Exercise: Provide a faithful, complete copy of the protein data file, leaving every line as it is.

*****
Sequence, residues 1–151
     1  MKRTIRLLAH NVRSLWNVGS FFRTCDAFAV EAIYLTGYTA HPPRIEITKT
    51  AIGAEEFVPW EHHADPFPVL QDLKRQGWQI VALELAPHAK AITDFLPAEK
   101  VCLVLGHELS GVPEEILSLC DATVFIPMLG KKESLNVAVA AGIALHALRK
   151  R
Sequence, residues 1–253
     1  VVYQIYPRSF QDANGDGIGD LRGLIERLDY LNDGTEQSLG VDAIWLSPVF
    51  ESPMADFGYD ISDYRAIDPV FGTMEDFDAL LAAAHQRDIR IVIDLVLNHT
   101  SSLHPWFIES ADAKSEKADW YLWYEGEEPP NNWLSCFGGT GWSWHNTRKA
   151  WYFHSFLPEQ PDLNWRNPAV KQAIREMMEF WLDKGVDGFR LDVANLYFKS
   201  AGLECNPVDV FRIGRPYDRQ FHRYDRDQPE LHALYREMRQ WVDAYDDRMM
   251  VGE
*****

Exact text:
Sequence, residues 1–151
     1  MKRTIRLLAH NVRSLWNVGS FFRTCDAFAV EAIYLTGYTA HPPRIEITKT
    51  AIGAEEFVPW EHHADPFPVL QDLKRQGWQI VALELAPHAK AITDFLPAEK
   101  VCLVLGHELS GVPEEILSLC DATVFIPMLG KKESLNVAVA AGIALHALRK
   151  R
Sequence, residues 1–253
     1  VVYQIYPRSF QDANGDGIGD LRGLIERLDY LNDGTEQSLG VDAIWLSPVF
    51  ESPMADFGYD ISDYRAIDPV FGTMEDFDAL LAAAHQRDIR IVIDLVLNHT
   101  SSLHPWFIES ADAKSEKADW YLWYEGEEPP NNWLSCFGGT GWSWHNTRKA
   151  WYFHSFLPEQ PDLNWRNPAV KQAIREMMEF WLDKGVDGFR LDVANLYFKS
   201  AGLECNPVDV FRIGRPYDRQ FHRYDRDQPE LHALYREMRQ WVDAYDDRMM
   251  VGE